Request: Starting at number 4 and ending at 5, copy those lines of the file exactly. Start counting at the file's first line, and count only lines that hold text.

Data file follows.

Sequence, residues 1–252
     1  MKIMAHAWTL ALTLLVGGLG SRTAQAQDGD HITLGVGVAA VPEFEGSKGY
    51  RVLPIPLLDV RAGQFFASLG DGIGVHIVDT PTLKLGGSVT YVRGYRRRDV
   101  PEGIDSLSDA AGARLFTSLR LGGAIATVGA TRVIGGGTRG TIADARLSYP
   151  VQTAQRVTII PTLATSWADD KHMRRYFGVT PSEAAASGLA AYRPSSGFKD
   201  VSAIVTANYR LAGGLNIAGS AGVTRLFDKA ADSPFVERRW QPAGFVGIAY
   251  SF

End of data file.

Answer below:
   101  PEGIDSLSDA AGARLFTSLR LGGAIATVGA TRVIGGGTRG TIADARLSYP
   151  VQTAQRVTII PTLATSWADD KHMRRYFGVT PSEAAASGLA AYRPSSGFKD